Posts Tagged ‘fried chicken’

Tasting the product

September 1st, 2009

I have worked in places where the chef  will raise his eyebrows at you if he catches you munching on a dinner roll.  Lord forbid he catches you eating black berries in the walk-in cooler.

I was laughing to myself  earlier today about eating at the Country Cat.   Not only does Adam feed us a meal before service (it is usually an amazingly healthy salad which helps offset the evening meal) and again feeds us after (we eat a lot of fried chicken!), but he also encourages us to eat during service and as we are setting the restaurant up.  Taste the raw product first is how Adam encourages us to understand the culinary concept behind the Country Cat.

It’s not that rare that a restaurant owner will feed the staff, but it is very rare for the owner to consistently get excited and want to share that excitement with the employees.

Slight Recant

September 10th, 2008

O.K. I have a little back stepping to perform.  In regard to caloric information on menus, I have to give the mom and pop shops a break.  The restaurant I work at changes our menu at least once a week, sometime, in seasonal transitions, 3-4 times a week.  It seems an inordinate amount of work to have to analyze every weekly change in the menu.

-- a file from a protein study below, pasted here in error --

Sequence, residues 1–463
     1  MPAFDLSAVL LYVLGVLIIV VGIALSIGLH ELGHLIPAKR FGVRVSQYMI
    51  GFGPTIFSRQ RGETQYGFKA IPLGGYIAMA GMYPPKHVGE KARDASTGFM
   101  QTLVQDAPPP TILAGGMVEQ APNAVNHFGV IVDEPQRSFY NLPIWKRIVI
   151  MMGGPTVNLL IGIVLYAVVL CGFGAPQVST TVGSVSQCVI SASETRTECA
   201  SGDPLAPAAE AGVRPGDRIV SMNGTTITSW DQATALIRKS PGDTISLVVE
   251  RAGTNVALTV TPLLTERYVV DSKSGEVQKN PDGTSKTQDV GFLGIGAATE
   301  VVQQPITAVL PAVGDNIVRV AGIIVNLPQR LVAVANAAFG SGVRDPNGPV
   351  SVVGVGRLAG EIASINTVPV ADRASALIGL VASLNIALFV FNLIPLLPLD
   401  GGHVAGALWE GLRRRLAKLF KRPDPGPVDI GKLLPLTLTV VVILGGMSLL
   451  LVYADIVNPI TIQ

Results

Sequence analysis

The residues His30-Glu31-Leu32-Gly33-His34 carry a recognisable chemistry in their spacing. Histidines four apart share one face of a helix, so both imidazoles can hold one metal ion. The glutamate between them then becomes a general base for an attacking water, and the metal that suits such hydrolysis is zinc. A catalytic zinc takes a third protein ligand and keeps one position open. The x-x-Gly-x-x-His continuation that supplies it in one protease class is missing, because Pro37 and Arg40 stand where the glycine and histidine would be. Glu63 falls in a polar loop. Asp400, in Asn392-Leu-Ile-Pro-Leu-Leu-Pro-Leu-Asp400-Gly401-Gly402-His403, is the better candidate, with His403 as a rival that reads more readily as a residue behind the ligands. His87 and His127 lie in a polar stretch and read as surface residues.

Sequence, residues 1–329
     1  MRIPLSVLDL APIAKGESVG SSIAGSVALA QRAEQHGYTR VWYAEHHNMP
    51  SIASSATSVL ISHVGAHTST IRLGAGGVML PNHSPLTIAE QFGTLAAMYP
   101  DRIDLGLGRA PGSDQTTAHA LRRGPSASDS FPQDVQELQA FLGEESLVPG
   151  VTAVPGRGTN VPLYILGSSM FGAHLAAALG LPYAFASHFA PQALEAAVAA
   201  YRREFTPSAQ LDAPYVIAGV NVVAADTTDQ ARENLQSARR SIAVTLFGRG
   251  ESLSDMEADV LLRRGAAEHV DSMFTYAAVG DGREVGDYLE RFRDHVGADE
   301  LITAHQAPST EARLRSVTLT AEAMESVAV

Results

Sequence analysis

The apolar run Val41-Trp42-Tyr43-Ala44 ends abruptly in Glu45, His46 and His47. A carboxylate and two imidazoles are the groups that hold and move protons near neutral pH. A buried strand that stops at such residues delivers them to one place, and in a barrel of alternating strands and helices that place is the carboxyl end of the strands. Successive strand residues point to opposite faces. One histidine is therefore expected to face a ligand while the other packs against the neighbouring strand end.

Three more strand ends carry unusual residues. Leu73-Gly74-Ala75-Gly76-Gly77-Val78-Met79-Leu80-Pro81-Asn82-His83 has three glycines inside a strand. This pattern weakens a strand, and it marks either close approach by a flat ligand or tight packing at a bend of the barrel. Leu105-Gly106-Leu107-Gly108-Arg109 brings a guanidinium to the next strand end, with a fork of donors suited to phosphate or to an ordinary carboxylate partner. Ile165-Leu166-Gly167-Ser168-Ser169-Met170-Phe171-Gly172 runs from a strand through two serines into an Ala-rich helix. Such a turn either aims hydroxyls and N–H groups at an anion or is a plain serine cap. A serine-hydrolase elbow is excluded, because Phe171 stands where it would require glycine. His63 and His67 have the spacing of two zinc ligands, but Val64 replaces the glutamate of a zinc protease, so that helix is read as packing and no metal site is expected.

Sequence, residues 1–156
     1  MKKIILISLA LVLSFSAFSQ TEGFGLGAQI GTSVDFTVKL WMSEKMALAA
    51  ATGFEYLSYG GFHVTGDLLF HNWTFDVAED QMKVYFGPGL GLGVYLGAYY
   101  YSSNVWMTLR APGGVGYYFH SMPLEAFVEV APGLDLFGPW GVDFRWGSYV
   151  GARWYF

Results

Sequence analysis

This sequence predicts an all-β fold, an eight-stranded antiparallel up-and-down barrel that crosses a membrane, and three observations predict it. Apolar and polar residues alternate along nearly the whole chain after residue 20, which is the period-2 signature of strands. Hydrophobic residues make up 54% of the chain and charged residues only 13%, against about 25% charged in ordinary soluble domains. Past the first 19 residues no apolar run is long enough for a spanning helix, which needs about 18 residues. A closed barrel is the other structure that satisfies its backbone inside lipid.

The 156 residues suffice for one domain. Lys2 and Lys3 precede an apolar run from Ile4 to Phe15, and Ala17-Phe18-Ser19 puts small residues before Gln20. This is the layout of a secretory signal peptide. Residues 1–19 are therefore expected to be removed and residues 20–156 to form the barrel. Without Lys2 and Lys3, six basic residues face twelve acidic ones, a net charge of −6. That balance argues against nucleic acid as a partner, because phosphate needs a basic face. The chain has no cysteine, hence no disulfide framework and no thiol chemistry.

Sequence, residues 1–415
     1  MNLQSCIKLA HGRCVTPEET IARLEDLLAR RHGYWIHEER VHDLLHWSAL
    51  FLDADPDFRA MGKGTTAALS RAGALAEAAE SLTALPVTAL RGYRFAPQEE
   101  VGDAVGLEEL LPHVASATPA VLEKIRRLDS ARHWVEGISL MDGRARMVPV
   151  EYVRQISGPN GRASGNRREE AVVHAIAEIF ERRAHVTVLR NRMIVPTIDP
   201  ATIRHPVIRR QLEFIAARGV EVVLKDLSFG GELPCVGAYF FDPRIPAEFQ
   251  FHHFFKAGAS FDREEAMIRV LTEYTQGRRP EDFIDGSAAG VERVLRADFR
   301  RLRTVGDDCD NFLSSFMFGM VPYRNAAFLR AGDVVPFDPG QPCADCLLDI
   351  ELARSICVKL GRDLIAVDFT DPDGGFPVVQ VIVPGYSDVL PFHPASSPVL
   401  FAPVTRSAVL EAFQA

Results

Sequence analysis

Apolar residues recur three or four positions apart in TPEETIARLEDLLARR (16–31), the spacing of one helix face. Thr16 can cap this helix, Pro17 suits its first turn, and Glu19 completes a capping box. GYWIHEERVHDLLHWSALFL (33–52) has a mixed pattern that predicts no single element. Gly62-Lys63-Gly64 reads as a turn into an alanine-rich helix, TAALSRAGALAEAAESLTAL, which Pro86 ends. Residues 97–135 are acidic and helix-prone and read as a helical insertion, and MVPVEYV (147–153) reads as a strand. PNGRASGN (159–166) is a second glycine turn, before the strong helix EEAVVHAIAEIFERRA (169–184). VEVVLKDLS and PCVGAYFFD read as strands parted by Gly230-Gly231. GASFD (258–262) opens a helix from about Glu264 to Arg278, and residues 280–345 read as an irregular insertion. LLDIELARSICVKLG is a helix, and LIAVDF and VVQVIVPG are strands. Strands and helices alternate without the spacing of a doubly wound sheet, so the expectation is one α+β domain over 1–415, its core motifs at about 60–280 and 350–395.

My chef says that people ought to know that a hefty caloric intake goes along with a cheeseburger; fried chicken is similarly full of calories.

Although I understand the financial and time implications of providing information about your menu to the public, I have to lodge a question.  Whose responsibility is it to provide information to the public?

Of course I advocate learning about the food one eats and making conscious food choices, but it seems to me that providing food (enjoyment as well as survival) to guests also entails educating them. If they want to know, then supply the information.

Perhaps the information does not need to be written on every menu, or even posted somewhere in the house, but having the information for those guests interested in learning about their food intake ought to be obligatory to a hospitality business.